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Rebeckah Schroeder represents Houston County as Princess Kay of the Milky Way Finalist

Kaitlyn Riley

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A Houston County native’s passion for the dairy industry pushes her as a Princess Kay of the Milky Way Finalist in 2020.

Rebeckah Schroeder grew up on her family’s 160-cow dairy just south of Caledonia. They farm 1,600 acres with crops going back to the cattle. She started farming when she was 12 and decided it was the career for her after graduating from Caledonia High School in 2018.

On the farm, Schroeder manages parlor operations, feeds youngstock, and helps with fieldwork and any other job where she can lend a hand on the farm.

“I really like getting to know the animals,” Schroeder said. “I like watching them grow, helping them, and getting to know them more on a personal level. I also just like being outside and taking control of my day.”

Schroeder began her journey to becoming a Princess Kay of the Milky Way Finalist by first applying to be the Houston County Dairy Princess. From there, she qualifies to apply for the statewide position which includes multiple components from written applications to mock media interviews, speeches, and more.

The process is not quite the same in 2020 because of COVID-19. The 67th Princess Kay of the Milky Way will be crowned Wednesday, Aug. 12 at a private banquet for the 10 candidates and their families. The ceremony itself will be live-streamed through the Princess Kay Facebook page.

This year, the candidates were asked to focus their speech topic on a presentation that would be delivered to high school students over a virtual platform such as Zoom.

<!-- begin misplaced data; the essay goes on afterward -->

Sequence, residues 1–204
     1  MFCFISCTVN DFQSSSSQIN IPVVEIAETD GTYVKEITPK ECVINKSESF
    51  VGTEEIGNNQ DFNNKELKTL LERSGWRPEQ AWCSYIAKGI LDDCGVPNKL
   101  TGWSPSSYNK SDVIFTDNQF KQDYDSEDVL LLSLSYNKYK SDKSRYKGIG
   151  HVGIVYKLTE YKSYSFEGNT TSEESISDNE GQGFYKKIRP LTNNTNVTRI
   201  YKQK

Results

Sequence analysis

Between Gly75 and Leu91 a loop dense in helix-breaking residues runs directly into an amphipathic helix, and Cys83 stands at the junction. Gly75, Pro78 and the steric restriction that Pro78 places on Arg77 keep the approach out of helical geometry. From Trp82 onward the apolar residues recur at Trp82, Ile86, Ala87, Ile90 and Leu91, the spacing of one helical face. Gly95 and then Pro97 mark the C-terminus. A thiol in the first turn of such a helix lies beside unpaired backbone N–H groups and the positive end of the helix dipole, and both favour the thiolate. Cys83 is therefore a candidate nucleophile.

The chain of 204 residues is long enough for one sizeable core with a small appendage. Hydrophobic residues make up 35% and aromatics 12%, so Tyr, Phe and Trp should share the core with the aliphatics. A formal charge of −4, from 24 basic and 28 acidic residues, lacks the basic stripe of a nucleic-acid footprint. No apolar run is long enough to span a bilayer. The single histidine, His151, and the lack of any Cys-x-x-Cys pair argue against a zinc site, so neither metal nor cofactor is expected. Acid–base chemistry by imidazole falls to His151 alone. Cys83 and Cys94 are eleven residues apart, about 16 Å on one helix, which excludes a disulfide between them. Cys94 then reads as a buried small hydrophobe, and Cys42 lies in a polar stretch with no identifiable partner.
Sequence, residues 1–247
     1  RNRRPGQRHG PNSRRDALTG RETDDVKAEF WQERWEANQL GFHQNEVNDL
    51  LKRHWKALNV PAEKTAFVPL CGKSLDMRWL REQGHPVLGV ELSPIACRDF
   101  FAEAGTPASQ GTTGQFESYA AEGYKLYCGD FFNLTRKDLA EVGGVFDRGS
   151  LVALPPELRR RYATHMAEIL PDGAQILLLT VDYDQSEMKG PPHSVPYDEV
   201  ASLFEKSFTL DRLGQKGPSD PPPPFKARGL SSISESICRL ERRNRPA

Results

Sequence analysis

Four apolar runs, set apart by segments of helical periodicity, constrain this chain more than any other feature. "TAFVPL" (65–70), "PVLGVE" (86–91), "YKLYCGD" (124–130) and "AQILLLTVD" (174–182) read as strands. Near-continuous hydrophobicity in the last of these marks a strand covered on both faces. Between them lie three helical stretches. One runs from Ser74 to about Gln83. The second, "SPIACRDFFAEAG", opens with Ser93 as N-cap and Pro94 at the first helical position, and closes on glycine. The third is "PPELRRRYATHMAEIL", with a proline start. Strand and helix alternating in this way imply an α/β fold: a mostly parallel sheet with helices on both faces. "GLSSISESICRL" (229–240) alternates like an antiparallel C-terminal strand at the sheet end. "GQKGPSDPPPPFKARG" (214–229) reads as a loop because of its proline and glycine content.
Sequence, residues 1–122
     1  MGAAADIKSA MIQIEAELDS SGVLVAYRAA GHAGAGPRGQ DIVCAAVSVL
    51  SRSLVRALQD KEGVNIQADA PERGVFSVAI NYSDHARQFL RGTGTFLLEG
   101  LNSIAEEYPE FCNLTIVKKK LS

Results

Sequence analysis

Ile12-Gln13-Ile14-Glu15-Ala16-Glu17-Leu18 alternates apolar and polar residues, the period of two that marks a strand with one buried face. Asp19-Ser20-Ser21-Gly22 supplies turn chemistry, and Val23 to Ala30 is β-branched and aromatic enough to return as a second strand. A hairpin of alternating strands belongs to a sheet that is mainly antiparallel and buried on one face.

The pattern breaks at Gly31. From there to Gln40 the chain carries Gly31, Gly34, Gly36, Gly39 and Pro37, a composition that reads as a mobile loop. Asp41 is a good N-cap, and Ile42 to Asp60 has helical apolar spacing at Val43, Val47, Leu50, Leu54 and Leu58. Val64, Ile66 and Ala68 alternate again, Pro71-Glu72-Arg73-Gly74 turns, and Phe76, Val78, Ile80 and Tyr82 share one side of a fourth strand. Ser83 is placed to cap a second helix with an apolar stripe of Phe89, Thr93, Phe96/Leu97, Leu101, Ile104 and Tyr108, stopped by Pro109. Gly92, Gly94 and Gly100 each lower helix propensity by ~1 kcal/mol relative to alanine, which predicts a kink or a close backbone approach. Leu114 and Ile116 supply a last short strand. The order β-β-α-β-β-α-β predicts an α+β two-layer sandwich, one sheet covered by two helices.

“It is definitely different not having that in-person feel that I prefer, but it was a good experience, and I think Midwest Dairy did a very good job at making it similar to the previous year,” Schroeder said.

Princess Kay is a goal of Schroeders because of what the title represents.

“Princess Kay represents the Minnesota Dairy Farmers and promotes the products they produce,” she said. “It is good to have young agriculturalists go out and promote the products and make sure people understand what dairy is and that it is healthy and nutritious with nine essential nutrients. It is important to connect with consumers because a lot of people are confused. Just having somebody to go to is nice for the public.”

She said consumers often approach her with questions about labels on dairy products and what they mean for nutrition and safety.

While the Minnesota State Fair has been canceled for 2020, the rich tradition of butter sculpting will continue, with the newly crowned Princess Kay’s likeness scheduled to be sculpted on Thursday, Aug. 13. This will take place on the Minnesota State Fairgrounds in the butter booth inside the Dairy Building, where the butter sculpting typically takes place. The nine other finalists will be sculpted in the subsequent days, with the final sculpture being created on Saturday, Aug. 22. Although the public will not be able to enjoy the butter sculpting in person, live updates will be streamed on the Princess Kay Facebook page each day, with opportunities to virtually ask questions and interact with Princess Kay and the finalists. 

Kaitlyn Riley’s passion for communications started on her family’s dairy farm in Gays Mills, Wis. Wanting to share agriculture’s story, she studied strategic communications and broadcast journalism at the University of Wisconsin-Madison. In college, she held officer positions with the Association of Women in Agriculture and Badger Dairy Club while volunteering as a news reporter for the college radio station. She also founded the university’s first agricultural radio talk show, AgChat. In her professional career, Kaitlyn has worked in both radio, print and television news doing everything from covering local events to interviewing presidential candidates, and putting back on her barn boots to chat with farmers in the field. Today, Kaitlyn can be seen covering local stories that matter to you in the La Crosse area.